Christie’s described it as “one of the great masterpieces of the modern era”.

Earlier this year, another of the 81-year-old’s paintings sold for $28.5m – a personal auction record for the artist.

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10 of the many trans artists you should be more than aware of any week of the year




Queeries is a weekly column by CBC Arts producer Peter Knegt that queries LGBTQ art, culture and/or identity through a personal lens.

November is Transgender Awareness Month, with this specific week designated as Transgender Awareness Week. And frankly, in terms of support from cis folks in the Canadian queer art community, the week got off to a deeply discouraging start. Sky Gilbert — one of the founders of Toronto queer theatre company Buddies in Bad Times — decided to continue to devote space on his blog to attack trans author, filmmaker, musician and visual artist Vivek Shraya.

It's yet another reminder of the prejudices trans people face even within the LGBTQ community. I'll let these Twitter threads by Jake Pyne and Gwen Benaway articulate how remarkably problematic Gilbert's words are, and devote the rest of the space of this week's column to what we as true cisgender allies should be doing on Transgender Awareness Week, and every week for that matter: shutting up and letting trans people speak for themselves. So may I direct your attention to 10 artists who are among the wonderful trans voices we've had the privilege of featuring here at CBC Arts, including Ms. Shraya herself.

Enza Anderson (CBC Arts)

Part of CBC Arts' Queer (Self) Portraits series, Enza Anderson is a Toronto trailblazer whose column "The Hot Ticket by Enza Supermodel" ran in Metro Toronto, Canada's most widely circulated free newspaper from 2004-2010. Watch her talk openly about the barriers she's faced on this journey of both professional growth and self-discovery. She says: "If I'm going to live, I have to function daily like everyone else." Watch her Queer (Self) Portraits episode here.

Gwen Benaway. (Gwen Benaway)

Gwen Benaway is a trans Annishinabe/Mètis poet and writer who has written numerous wonderful essays and articles for CBC Arts, including this piece on the importance of finding trans joy just earlier this week. "The most dangerous part of living with transphobia is not just its potential to kill me — either from violent attack or less direct forms such as homelessness, unemployment or a lack of access to healthcare — but its ability to limit my joy," she writes in the piece. "I believe in joy as a fundamental part of what it means to be human. In our pleasures and happiness, we find freedom from the everyday oppressions of our lives." You can read more of Gwen's words here and here and here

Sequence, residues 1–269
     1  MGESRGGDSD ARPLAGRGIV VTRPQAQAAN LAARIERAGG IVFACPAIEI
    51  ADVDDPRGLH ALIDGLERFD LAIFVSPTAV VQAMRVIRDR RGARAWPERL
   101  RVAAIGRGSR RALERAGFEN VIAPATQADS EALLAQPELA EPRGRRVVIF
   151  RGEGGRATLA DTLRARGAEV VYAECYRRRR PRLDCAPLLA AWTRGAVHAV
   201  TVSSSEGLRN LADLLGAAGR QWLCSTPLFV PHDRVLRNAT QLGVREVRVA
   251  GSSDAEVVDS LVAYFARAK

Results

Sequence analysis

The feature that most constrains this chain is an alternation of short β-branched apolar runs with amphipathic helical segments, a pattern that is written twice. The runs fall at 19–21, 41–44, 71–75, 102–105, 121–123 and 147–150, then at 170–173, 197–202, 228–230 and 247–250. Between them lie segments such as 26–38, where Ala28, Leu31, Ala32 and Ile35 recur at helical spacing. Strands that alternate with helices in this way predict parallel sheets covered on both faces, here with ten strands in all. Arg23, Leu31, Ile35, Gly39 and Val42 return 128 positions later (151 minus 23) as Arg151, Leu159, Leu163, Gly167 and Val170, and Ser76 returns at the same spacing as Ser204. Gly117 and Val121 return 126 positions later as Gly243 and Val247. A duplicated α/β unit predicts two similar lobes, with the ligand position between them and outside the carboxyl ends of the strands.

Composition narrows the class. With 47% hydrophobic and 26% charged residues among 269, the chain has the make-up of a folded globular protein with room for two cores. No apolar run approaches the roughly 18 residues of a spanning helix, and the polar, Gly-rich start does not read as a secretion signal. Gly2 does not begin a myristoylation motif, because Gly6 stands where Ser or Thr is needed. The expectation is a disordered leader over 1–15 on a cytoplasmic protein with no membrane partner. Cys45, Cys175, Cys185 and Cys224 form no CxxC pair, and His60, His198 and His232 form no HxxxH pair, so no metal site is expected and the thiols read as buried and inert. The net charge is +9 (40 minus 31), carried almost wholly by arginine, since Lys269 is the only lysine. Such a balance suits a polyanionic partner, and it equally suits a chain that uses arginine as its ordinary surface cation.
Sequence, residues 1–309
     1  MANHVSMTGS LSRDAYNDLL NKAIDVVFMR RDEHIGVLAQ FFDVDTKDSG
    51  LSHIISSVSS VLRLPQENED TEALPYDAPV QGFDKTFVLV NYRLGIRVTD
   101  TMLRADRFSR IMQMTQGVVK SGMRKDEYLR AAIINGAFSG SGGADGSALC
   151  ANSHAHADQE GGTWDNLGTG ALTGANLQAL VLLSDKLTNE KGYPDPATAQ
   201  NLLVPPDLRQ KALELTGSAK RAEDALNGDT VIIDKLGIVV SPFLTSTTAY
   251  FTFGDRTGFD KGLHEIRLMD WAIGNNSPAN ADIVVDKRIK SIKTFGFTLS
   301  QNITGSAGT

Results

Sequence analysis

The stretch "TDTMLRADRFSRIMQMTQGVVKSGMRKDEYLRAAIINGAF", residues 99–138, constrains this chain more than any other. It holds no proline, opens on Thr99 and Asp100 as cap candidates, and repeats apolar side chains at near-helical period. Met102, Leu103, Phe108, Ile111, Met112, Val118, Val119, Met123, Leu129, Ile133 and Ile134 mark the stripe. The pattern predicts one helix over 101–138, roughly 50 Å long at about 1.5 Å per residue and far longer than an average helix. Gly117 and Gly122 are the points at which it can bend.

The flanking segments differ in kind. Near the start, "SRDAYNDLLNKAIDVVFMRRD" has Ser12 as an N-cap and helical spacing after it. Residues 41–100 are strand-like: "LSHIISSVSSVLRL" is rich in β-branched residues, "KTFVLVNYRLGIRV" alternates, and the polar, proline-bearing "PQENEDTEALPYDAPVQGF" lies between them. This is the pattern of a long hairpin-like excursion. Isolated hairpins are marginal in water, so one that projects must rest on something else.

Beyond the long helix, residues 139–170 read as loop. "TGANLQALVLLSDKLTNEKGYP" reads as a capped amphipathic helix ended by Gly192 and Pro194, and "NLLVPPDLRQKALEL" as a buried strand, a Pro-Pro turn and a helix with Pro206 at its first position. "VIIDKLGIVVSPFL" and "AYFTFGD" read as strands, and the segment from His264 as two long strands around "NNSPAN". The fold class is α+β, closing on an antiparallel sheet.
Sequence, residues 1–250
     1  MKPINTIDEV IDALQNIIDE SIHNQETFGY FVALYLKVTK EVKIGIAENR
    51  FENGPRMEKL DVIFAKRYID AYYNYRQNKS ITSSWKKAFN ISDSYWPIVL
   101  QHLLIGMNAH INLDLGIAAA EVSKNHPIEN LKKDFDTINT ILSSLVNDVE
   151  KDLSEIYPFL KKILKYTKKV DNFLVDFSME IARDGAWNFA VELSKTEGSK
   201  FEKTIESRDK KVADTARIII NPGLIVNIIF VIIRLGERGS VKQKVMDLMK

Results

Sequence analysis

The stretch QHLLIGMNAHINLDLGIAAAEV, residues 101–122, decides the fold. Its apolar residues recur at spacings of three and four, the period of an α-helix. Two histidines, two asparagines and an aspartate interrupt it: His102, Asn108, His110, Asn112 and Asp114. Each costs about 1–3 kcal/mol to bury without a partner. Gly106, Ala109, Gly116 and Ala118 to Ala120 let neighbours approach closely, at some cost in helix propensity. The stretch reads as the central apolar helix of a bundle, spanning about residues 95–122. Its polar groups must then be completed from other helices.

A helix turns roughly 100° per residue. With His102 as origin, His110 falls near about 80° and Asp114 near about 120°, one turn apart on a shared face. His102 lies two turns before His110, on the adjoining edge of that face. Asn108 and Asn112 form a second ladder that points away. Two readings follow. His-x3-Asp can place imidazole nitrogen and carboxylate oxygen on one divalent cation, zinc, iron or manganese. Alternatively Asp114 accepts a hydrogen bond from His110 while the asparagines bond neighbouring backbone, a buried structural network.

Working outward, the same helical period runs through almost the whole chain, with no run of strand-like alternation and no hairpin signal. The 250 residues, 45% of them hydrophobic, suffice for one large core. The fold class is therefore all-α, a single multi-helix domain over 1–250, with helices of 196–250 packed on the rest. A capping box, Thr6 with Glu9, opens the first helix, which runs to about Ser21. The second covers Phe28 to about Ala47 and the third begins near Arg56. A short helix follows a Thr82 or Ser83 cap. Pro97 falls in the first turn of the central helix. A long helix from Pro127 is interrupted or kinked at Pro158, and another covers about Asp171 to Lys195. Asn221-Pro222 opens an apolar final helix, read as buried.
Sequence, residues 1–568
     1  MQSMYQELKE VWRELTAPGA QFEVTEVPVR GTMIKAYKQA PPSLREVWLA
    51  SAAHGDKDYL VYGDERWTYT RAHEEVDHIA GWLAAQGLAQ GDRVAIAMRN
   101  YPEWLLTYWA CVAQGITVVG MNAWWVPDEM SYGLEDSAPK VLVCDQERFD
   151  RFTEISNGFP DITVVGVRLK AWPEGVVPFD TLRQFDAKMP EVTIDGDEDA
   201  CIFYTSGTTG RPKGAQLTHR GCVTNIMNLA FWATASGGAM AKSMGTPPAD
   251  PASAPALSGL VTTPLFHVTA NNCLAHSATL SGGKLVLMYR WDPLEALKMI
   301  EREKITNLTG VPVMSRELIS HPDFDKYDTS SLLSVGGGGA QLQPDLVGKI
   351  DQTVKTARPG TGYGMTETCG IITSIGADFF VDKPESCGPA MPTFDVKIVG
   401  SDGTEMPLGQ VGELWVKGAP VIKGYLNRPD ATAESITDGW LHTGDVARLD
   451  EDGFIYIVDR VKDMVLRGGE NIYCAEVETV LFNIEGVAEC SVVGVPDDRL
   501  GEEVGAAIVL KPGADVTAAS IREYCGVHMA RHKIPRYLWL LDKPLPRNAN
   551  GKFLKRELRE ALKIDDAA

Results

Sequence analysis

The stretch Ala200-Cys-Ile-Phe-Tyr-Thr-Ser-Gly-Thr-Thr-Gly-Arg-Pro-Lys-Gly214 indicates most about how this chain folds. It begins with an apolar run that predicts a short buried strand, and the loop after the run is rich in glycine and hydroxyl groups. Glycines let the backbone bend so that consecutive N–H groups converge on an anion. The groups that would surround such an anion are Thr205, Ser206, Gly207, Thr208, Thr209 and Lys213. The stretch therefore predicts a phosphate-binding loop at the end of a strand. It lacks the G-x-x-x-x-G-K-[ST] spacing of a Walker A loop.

Cassils. (Cassils)

In 2016, CBC Arts published a short documentary on Canadian performance artist, body builder and personal trainer Cassils, who underwent intense training and fight choreography to develop a graphic and disturbing show about socio-political issues. We follow them as they bring the show to The Broad Museum in Los Angeles, and you can learn more about what they're up to now here.

Chase Joynt. (David Hawe)

Filmmaker and writer Chase Joynt penned this essay for CBC Arts, reflecting on his journey to publish his first book, You Only Live Twice. "The project began as a private correspondence with my friend Mike Hoolboom, a prolific experimental filmmaker," he says. "For years, we exchanged stories about transitions: mine from female to male and Mike's from near-dead to alive. For us, the project was never a task of linear, exhaustive truth-telling but rather an aesthetic engagement with the limits and potentials of personal memory." Learn more about Joynt's work here.

Chanty Marostica. (Ryan Dillon)

In 2018, trans comedian Chanty Marostica's career has skyrocketed. They became the first trans comedian to have a solo show at Just For Laughs Toronto and won Sirius XM's Canada's Top Comic competition, all well in the midst of transitioning. All the more, this rise has happened in part because of how Marostica decided to take matters into their own hands and reinvent the LGBTQ comedy landscape in Toronto so that they and other queer and trans folks could get the opportunities they deserve. Read all about their remarkably inspiring story here.

Casey Plett. (James L/Zero Heat Photography)

Award-winning writer Casey Plett has blessed CBC Arts readers with her words a few times, including this essay about how to write a transgender character and this piece calling for more intimacy in works from marginalized writers. Both are must reads, as is this "artist's guide" to the city of Windsor, Ont. she wrote for us this past summer.  Learn about Casey and her latest book Little Fishhere

Heath V. Salazar in drag as Gay Jesus. (CBC Arts)

Dora Award-winning trans Latinx writer and performer Heath V. Salazar was fabulously the focus of an episode of the CBC Arts docuseries Canada's a Drag as their drag king alter ego Gay Jesus. "A lot of my pieces are very political," Salazar told us in that episode. "So what I really want to do with it is share with people that if this person, theoretically, lived and was able to do all this good and spread all this love, that we are each made of that same matter." That work extends well beyond Gay Jesus, including most recently performing in the "gloriously frank" Toronto staging of the Pulitzer Prize-winning play The Wolves. Watch their Canada's a Drag episode here.

Vivek Shraya. (Tanja-Tiziana/

"Getting to take up space as a brown, bi, trans person feels like an amazing and wonderful gift," Vivek Shraya told us in this 2016 short documentary CBC Arts produced in honour of her being one of that year's Grand Marshals of Pride Toronto. And it was the first of many occasions we'd showcase Shraya's multi-faceted artistry, including this piece a year later in which Shraya talked about "I want to kill myself," a short film she released on her 36th birthday to shed a vital light on mental health. Learn all about the many, many ways to explore Shraya's work on her website.

Rowan Sky. (Courtesy)

Multidisciplinary artist, activist and educator Rowan Sky wrote a piece for CBC Arts last summer reflecting on how poetry about Indigenous connection to our land gave them strength through their gender transition. "Wherever I am in the world and on my gender journey, my connections to land, water and community give me strength and are a continual source of reflection," Sky writes. "I pour out these reflections in my writing." Read the whole piece here.

Syrus Marcus Ware. (Jalani Morgan/Black Lives Matter TO)

Also included in our Queer (Self) Portraits series was visual artist, activist and scholar Syrus Marcus Ware. "In addition to pulling down walls, we also have to be planting the seeds," Ware says in the video. "All of my work has been about watering the seeds." Learn all about that work by both watching that video, reading his essay on madness and Blackness and exploring his website, which details the extraordinary breath of his work across so many different platforms.